There’s nothing like a just-before-going-to-sleep screening of the 1965 Sidney Poitier/Richard Widmark film The Bedford Incident to really put your mind at ease regarding nuclear war. Oh, you haven’t seen the flick (or read the 1963 James Poe novel of the same name)?
Well, it’s really just Moby Dick, except Ahab is an American guided missile destroyer captain and the whale is a Russian submarine armed with nuclear torpedoes. For those who wonder what the practical application of military buzzwords like “deterrence” and “provocation” actually look like, it’s a disturbing film.
It’s a film I hope Tulsi Gabbard, Hawaii’s freshman 2nd District Congressional Representative, will watch in the near future (or screen again if she’s already seen it). Especially given her April 11 House floor remarks on North Korea. Those remarks, distributed to members of the Hawaii press corps by her own office, seem rather alarmist, even when considering the chest-thumping rhetoric we’ve been hearing from North Korean leader Kim Jong-un lately.
“Today, we are seeing an increasingly belligerent, hostile stance by the North Korean regime toward its perceived enemies,” Gabbard said in her remarks. “For some, this may sound like a far-off annoyance, saber-rattling coming from the East. However, nothing could be farther from the truth for families in my home state of Hawai‘i and in Guam, who sit as named threats by the increasingly aggressive and unpredictable regime led by Kim Jong-un.”
Gabbard must know as we do that people in Hawaii aren’t exactly making a mad dash to Costco to stock up on rice (well, not more so than we do already) in response to Kim’s threats. But that didn’t stop Gabbard from ratcheting up her own rhetoric:
“Along with Guam and Alaska, Hawai‘i has been placed in the crosshairs of this intensifying threat,” she continued. “It is crucial for the United States, and Hawai‘i in particular, to take threats from North Korea seriously. We cannot be complacent. We cannot afford a mistake that puts the lives of our families at risk.”
Going by this speech, you’d think a North Korean invasion flotilla was just a few hours from landing at Waikiki. Yes, North Korea has put out statements over the last week threatening to launch nuclear strikes and turn the region into a “sea of fire,” but they’ve made threats like that for years. When coupled with the fact that every serious analyst (including, oddly enough, those at our own CIA) say that North Korea does NOT currently have the capability of hitting Hawaii with a nuclear-armed missile, the threats take on a more curious, even humorous appearance.
For those actually on the Korean peninsula, of course, threats from any nation that employs a very large standing army and has done things like torpedo a South Korean warship without warning and uses phrases that include the words “sea of fire” are anything but humorous. But missing from Gabbard’s speech (and most media discussions of North Korea’s threats that include the descriptors “bellicose” and “mad”) is any perspective on why that grotesquely impoverished nation would further bankrupt its already pathetic state to build nuclear weapons.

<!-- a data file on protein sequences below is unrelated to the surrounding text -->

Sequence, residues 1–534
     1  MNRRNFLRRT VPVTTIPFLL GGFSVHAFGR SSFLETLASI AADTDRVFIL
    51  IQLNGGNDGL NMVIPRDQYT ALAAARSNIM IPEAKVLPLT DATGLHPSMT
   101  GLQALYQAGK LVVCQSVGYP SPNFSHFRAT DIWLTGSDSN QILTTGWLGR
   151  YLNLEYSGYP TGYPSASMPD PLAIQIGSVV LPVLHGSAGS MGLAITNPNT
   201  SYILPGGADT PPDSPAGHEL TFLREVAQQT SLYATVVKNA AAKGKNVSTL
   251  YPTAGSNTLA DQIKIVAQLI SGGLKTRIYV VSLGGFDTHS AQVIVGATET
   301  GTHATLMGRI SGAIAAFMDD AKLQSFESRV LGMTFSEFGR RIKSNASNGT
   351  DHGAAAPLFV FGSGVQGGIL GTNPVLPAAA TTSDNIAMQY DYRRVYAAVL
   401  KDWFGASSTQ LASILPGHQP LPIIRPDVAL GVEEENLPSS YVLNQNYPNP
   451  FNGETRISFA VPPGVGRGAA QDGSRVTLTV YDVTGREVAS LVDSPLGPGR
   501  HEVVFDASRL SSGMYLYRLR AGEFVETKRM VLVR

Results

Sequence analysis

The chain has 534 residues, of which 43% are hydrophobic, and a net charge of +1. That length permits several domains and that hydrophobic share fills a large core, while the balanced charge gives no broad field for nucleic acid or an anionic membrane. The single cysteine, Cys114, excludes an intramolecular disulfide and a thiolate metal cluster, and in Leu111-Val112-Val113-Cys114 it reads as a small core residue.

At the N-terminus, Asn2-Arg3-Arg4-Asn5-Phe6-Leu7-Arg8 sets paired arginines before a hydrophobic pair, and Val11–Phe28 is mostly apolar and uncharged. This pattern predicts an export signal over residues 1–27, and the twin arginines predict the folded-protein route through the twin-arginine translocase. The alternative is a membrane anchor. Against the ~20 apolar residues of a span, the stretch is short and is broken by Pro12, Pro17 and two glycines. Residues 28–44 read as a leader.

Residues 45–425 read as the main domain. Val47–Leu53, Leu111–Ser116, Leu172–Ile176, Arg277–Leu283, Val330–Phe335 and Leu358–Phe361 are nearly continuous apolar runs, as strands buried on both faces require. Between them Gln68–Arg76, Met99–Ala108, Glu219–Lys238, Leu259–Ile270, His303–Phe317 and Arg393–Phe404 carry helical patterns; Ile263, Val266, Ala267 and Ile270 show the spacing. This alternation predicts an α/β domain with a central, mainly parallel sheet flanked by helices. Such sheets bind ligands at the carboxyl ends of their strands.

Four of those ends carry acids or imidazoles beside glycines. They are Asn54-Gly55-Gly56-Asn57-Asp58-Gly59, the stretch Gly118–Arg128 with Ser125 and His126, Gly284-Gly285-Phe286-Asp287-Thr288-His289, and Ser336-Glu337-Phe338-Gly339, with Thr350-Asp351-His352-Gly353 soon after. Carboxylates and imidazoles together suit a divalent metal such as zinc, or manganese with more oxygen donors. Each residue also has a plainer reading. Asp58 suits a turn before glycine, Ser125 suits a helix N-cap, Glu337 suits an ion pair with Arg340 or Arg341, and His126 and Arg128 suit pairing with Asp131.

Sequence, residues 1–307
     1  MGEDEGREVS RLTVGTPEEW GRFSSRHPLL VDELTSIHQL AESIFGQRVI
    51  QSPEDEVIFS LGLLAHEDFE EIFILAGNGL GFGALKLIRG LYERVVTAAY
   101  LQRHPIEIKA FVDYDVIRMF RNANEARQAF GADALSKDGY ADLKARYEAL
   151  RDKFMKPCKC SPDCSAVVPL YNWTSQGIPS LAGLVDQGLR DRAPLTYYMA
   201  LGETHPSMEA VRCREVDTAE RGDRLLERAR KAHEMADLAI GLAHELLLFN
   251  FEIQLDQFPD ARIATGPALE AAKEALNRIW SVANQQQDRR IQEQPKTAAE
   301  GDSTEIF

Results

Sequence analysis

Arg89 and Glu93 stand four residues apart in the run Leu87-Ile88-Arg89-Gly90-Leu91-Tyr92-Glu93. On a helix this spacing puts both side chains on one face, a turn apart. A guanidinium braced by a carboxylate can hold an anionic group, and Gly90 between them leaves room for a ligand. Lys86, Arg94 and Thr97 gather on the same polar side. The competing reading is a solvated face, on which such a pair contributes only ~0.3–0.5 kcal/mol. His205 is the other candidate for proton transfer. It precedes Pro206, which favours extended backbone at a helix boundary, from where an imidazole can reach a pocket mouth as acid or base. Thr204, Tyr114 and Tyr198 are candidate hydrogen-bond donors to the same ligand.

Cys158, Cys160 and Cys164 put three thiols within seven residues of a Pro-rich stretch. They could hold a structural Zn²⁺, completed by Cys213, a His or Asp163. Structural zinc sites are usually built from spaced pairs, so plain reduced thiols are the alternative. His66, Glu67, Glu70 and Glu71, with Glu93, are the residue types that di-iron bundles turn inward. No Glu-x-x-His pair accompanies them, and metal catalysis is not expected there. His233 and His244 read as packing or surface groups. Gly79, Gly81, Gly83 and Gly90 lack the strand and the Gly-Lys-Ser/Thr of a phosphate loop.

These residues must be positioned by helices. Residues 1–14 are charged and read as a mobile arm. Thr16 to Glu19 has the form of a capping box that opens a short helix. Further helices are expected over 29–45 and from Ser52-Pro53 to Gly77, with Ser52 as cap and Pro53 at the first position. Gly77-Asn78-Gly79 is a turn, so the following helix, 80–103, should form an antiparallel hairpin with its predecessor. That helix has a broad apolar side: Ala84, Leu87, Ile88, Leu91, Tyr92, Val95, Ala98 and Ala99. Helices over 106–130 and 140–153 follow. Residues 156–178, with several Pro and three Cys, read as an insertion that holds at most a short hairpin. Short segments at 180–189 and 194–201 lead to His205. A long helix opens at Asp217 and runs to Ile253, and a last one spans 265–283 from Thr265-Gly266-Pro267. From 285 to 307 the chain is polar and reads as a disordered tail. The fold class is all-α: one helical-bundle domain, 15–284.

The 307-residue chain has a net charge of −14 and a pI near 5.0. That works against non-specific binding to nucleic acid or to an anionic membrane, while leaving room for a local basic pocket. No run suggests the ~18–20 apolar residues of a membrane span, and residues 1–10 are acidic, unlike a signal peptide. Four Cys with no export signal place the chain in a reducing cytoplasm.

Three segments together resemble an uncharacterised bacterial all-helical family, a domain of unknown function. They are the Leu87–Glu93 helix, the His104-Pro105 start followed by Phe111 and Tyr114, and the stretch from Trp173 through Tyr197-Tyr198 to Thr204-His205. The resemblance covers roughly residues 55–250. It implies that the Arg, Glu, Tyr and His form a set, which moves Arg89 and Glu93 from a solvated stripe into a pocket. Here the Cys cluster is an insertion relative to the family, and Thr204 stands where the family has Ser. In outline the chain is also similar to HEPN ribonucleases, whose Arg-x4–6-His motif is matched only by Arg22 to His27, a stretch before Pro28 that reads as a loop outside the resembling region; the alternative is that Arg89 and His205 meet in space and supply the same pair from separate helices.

As far back as 2006, when North Korea held its first (though ambiguous) nuclear test, Slate.com’s very sober defense writer Fred Kaplan found the news bad, but certainly not apocalyptic.
“The combination of Kim Jong-il and a nuclear arsenal is a nightmare,” Kaplan wrote in an Oct. 9, 2006 post. “It doesn’t mean he’s going to fire A-bombs at the United States or, for that matter, at South Korea or Japan. Kim may be a monster, but he’s not suicidal; his top priority is the survival of his regime, and he must know that a nuclear attack would be followed by obliterating retaliation.”
Of course, Kim Jong-il is now dead and his scion-successor is obviously a lot younger than his old man, but his nation’s absolute self-interest in keeping itself from getting nuked by American bombs and missiles remains true. After all, North Korea’s fears over the survival of its regime are all too rational.
Shortly after U.S. President George W. Bush included that nation in the now-infamous “Axis of Evil” speech, U.S. tanks, warplanes and troops invaded and occupied Iraq, toppling Saddam Hussein’s regime. Though Bush cynically told the U.S. public (and the world) that we were invading Iraq to protect ourselves from a possible attack from weapons of mass destruction, it was the non-existence of such weapons that made the invasion and regime destruction so relatively simple (the resulting occupation was, of course, quite different).
A North Korean nuclear arsenal gives pause to any American president seeking to use military power to, as Gabbard put it in her floor speech, “break the cycle of threats that has existed for far too long.” While this doesn’t mean the world should get used to the idea that Pyongyang is now part of the “nuclear club,” it should hopefully convince more officials that diplomacy, calling for the dismantling of all nation’s nuclear arsenals, is more important than ever.
Photo: Wikimedia Commons